by Charles Kirkland Jr.
Director Deon Taylor ups the ante with Oscar nominee Naomie Harris and Tyrese Gibson in the action thriller Black and Blue.
Rookie officer, Alicia West (Naomie Harris) has a new assignment today. She is partnered with Deacon Brown (James Moses Black), an officer who patrols the streets of the New Orleans ward where she grew up until she left for the military. Early into the shift, Brown goes to a warehouse to meet with a confidential informant. While West remains with the car, she hears gunfire in the warehouse. West turns on her body camera and enters the warehouse to support her partner. Upon her arrival, she witnesses and records the execution of the informants by Detective Terry Malone (Frank Grillo) while Brown and another officer are watching. Now on the run, Malone tells kingpin Darius (Mike Colter) that West is responsible for the shooting of the informants which has the gang in search of her. West is now embroiled in an all-out effort to not just save her life but to clear her name and bring the true villains to justice.
Written by Peter A. Dowling (Flightplan), Black and Blue is the latest in a long line of features directed by Deon Taylor (Meet The Blacks, Supremacy, The Intruder). Black and Blue stars Harris, Colter and Grillo along with Tyrese Gibson as Mouse, a local store owner, and Nafessa Williams as Missy, a one-time friend of Alicia West from childhood.
In true Taylor fashion, he has enlisted quality talent to work in this film. Oscar nominee Naomie Harris (Moonlight) turns in a solid performance as a just policewoman in an unjust situation. She is clearly the hero, almost superhero in a world of villains. Tyrese Gibson is more than adequate as the assist for the hero and Frank Grillo’s work feels over the top a lot of times in this film but that plays as a good bad guy here. None of the talents actually elevates the film but they do fuel Taylor’s reputation for getting stars to work for him.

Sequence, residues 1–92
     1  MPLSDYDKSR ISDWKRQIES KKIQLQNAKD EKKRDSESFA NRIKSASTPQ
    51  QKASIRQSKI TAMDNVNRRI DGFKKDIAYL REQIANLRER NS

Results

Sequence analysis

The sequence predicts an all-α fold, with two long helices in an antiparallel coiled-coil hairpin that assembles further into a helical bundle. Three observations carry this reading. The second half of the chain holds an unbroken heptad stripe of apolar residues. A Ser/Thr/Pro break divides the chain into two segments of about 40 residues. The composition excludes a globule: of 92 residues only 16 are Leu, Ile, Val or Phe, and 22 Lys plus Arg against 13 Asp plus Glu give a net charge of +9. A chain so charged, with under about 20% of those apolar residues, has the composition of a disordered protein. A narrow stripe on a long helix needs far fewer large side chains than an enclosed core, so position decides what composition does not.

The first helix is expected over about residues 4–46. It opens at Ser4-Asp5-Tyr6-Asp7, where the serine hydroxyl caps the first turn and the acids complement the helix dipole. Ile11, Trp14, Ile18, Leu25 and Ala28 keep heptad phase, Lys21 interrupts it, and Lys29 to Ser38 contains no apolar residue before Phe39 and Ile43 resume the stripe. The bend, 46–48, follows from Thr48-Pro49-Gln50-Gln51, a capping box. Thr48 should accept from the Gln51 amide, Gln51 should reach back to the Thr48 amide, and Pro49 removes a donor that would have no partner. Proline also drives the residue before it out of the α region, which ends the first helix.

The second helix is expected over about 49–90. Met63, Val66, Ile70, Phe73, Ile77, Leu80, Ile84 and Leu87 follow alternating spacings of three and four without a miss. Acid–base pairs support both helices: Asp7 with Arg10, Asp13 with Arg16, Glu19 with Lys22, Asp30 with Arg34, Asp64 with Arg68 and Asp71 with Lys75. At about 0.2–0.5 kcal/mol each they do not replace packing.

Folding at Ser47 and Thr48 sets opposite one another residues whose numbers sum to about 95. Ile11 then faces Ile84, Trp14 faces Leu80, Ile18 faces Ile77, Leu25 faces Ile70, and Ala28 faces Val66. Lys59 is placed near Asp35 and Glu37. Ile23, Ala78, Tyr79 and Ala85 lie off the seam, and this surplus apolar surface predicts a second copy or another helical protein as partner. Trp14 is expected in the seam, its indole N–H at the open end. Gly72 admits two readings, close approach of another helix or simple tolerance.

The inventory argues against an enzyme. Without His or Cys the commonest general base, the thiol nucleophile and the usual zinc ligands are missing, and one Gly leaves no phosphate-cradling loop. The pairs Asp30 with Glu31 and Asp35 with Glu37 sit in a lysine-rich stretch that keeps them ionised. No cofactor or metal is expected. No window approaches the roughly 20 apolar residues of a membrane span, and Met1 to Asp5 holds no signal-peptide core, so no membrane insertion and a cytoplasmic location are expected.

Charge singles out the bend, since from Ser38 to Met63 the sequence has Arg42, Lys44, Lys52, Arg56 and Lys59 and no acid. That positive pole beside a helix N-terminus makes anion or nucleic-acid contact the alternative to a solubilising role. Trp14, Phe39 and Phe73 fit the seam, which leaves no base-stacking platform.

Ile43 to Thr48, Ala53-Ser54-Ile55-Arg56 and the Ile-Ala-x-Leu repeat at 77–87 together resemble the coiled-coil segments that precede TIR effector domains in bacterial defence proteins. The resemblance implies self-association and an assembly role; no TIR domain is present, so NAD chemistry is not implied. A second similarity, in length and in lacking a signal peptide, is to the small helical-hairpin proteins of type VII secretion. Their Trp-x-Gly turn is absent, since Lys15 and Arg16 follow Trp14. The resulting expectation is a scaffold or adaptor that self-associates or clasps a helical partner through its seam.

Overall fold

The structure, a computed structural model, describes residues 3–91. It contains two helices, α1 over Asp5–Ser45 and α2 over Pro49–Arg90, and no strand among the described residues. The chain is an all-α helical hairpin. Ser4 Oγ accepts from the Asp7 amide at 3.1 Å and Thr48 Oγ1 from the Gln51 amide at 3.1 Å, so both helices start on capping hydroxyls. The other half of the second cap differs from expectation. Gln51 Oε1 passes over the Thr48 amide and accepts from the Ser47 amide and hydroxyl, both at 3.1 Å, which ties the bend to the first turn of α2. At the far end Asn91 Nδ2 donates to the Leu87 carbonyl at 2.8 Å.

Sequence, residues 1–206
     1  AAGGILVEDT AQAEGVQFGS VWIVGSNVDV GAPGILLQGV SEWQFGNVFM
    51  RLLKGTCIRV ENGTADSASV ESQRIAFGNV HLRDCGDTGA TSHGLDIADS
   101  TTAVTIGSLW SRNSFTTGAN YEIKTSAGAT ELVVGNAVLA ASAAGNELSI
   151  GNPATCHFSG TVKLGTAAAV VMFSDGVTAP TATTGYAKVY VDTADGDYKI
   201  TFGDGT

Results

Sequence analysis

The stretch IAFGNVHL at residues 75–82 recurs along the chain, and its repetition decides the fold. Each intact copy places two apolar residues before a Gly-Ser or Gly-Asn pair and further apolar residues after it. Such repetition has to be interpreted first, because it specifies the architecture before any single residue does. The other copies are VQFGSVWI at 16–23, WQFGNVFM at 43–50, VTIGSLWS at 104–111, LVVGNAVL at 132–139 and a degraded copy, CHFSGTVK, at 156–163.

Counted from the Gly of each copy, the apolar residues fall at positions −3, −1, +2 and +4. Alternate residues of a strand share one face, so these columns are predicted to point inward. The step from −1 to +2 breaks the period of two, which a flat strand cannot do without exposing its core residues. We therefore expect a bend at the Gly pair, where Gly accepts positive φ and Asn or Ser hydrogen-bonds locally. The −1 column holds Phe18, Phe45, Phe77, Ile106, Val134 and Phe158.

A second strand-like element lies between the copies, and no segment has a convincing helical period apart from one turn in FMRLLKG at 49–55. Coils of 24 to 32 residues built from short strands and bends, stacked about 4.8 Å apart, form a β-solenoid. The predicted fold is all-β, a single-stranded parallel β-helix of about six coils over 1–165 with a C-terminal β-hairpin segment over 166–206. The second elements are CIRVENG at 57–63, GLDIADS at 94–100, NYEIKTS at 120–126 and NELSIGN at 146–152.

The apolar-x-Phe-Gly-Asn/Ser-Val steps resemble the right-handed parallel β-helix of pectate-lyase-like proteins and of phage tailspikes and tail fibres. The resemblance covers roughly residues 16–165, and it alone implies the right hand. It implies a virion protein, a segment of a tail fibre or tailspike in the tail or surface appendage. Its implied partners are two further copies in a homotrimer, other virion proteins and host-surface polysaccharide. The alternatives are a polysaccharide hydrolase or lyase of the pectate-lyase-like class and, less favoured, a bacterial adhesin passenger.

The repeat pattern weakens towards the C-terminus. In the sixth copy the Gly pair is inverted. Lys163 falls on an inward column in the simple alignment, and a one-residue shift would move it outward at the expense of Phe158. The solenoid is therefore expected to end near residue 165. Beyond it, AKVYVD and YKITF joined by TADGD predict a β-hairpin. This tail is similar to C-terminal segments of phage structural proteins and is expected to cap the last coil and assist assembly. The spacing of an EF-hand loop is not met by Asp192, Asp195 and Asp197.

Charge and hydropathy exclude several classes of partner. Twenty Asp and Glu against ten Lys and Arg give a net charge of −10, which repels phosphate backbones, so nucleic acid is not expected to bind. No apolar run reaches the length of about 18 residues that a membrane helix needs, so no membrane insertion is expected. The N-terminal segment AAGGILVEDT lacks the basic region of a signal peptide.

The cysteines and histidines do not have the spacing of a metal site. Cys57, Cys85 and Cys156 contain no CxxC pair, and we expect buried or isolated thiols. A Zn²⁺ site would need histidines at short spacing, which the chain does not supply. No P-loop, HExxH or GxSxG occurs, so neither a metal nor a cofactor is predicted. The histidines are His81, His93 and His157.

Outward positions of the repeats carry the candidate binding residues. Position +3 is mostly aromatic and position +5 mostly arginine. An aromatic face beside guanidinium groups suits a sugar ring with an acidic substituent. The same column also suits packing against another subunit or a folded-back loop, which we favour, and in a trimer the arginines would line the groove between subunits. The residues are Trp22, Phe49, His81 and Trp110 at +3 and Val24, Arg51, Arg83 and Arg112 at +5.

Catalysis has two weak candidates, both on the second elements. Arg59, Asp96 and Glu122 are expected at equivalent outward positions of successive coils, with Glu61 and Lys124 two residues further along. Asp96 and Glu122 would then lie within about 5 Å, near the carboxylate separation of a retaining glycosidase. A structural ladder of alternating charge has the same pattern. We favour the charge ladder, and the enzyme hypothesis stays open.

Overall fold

Like many of Taylor’s other work, this movie is simple, straightforward and plain. The characters are who they are and there is no surprise. Almost every taken by the characters in the film is transparent and telegraphed. This is unapologetically, an action movie. However, unlike Traffik and The Intruder, there is a sensibility to this movie that was absent. Thankfully, there are no contrived or inane plot twists or devious machinations that are revealed later. What you see is what you get. The lack of complexity, in this case, actually comes as almost a positive in that it makes them accessible to the viewers. None of the decisions made by the main characters seem to be too unrealistic. In fact, simplicity reflects the main theme of the story; right is right and wrong is wrong.
Kudos go to Geoff Zanelli (Pirates of the Caribbean: Dead Men Tell No Tales) for crafting an excellent score for the movie. Zanelli, who has worked with Gore Verbinski, Ridley Scott and Jerry Bruckheimer, smartly puts together a hefty soundtrack that accents and enhances the drama happening on the screen without detracting from the experience.
Rated R for language and violence, Black and Blue is a triumph for Deon Taylor. This is his best film to date but that doesn’t make it great. Don’t go to this movie expecting a stylized crime action thriller but it is passable entertainment that will allow the opportunity for predictable and clichéd escapism.